One Decade of the Hungry Wildcat Food Pantry


The student staff organizes food products before they open up to students and staff at 10 a.m.

Current office manager and founder, Kathleen Moroney, reflects on the last 10 years of service at the Hungry Wildcat Food Pantry.

 Before the pantry’s existence, Maroney received a phone call from a professor. The professor said a student working three unpaid internships had trouble paying attention in class due to hunger.

“There were many staff members keeping food in their drawers to feed students and referring people to the Jesus Center,” Moroney said.

She realized the university needed a food pantry.

At the time, Moroney’s main goal was to start collecting food and figure out how they could set up a pantry for students.

According to a national database, the monthly cost of groceries for college students in California is $265. 

 In a California State University research survey in 2018, they found that 50% of Chico State Students experienced low to very low food security.

Wanting to provide a welcoming and friendly environment to those facing food insecurities on campus, Moroney opened the doors of her office in 2013. 

“I loved having students come to my office,” Moroney said. “There was a stigma around food insecurity, so I wanted to eliminate that stigma and normalize it.”

 However, the pantry faced many challenges following its launch. 

 “At the beginning they were very shy and they didn’t want to take too much,” Moroney said. 

 In addition, the administration and community failed to see the importance behind the project early on, so, “It was frustrating trying to get this started or accomplished when the administration wasn’t seeing the need,” Moroney said. 

 A big question was also raised during this time: “We are here to teach students. Is it our job to feed them?” 

 With a lack of support from administration, Moroney had a hard time starting and accomplishing the pantry, but with the help of Chico State President Gayle E. Hutchinson, the food pantry started getting the support they needed.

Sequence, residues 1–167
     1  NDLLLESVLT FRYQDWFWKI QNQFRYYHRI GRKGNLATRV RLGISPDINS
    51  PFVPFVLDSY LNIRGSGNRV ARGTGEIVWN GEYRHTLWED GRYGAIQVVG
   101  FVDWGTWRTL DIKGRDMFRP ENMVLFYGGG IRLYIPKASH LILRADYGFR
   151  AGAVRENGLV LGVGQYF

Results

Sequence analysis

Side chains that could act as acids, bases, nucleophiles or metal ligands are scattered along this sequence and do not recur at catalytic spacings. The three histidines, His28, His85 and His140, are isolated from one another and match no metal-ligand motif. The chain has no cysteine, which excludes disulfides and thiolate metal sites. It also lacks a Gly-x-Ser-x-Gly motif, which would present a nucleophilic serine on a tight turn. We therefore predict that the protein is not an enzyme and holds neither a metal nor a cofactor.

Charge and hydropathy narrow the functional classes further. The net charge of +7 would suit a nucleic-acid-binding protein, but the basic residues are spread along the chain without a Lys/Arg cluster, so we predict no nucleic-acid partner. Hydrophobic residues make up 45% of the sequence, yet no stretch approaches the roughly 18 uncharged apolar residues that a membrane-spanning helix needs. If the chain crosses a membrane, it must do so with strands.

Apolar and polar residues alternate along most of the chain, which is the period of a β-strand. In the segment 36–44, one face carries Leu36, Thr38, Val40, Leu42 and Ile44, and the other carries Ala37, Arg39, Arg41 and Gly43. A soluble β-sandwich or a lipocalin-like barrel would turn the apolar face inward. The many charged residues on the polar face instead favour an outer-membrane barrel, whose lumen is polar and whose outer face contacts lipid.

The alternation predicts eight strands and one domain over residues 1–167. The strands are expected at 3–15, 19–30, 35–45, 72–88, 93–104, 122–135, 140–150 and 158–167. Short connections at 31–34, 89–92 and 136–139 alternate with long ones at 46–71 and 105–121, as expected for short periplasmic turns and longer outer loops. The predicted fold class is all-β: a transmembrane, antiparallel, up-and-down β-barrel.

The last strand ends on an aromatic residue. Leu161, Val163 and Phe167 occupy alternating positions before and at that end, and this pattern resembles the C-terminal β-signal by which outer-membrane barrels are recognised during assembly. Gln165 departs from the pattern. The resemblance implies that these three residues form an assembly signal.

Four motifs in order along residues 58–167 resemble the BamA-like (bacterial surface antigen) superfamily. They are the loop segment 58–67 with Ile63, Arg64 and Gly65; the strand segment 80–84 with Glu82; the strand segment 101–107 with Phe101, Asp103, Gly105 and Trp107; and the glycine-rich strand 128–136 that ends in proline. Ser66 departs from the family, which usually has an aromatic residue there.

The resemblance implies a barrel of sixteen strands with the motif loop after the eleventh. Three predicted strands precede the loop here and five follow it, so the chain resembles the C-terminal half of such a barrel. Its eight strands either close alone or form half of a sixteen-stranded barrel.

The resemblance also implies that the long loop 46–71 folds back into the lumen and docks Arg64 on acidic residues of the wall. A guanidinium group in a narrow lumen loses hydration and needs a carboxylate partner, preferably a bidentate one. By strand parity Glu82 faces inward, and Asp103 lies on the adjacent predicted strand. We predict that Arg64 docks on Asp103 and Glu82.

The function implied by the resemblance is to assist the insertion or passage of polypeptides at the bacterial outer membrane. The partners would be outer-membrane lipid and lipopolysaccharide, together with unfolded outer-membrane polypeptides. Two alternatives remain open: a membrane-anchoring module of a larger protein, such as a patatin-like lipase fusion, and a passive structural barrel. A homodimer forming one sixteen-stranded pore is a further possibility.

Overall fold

“When Gayle Hutchinson came to campus she heard about it and was so supportive,” Moroney said.

Now, with 10 years of aiding students and staff, Moroney is amazed at how far the pantry has come.

 “It is mind blowing, it is amazing to see what we have now with the space, the programming, the case management, the funding from the legislature is amazing to see that.” 

 Not only does it provide food, but the pantry also supplies students and staff with hygiene products, menstrual products, baby food and much more. 

In comparison to when it first opened up, the school is now more involved and supportive.

 Chico State’s sororities and fraternities donate canned food, student athletes participate by hosting food drives every year and the pantry works hand-in-hand with the university farm, buying vegetables, receiving meat and more.

The community also plays a role in assisting the pantry.

In Chico State’s Basic Needs Report and 2023 Fact Sheet, its food partners include: 

  • Feeding America
  • Regional food banks
  • Food rescuers
  • Local pantries
  • Student and community organizations
  • Regional farmers
  • Businesses and more than 2,000 individual donors. 

The report also states they distributed enough food to make 144,000 healthy meals the previous year. 

Basic Needs Manager Leah Slem says so far this year they have served around 5,000 students and staff, and are projecting to serve 7,000 people in total.

The future is also looking bright for the pantry, as they have now received funding for a new freezer and refrigerator to hold inventory.

Moroney looks back at all they have accomplished and says she is fulfilled with the pantry. She encourages students to reach out if they are facing food insecurity or lacking basic necessities.

In response to those who are afraid to reach out, Moroney said: “I just want to let them know it’s okay. That we’re here for you and this is why it’s here.” 

Milca Chacon can be reached at [email protected].